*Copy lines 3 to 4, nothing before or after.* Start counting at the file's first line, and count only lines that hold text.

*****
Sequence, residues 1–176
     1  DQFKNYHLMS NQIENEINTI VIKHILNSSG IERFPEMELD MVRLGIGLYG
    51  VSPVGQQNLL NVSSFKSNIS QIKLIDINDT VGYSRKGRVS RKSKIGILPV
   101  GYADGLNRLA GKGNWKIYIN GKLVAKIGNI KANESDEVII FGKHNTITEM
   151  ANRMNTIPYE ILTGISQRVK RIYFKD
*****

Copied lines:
    51  VSPVGQQNLL NVSSFKSNIS QIKLIDINDT VGYSRKGRVS RKSKIGILPV
   101  GYADGLNRLA GKGNWKIYIN GKLVAKIGNI KANESDEVII FGKHNTITEM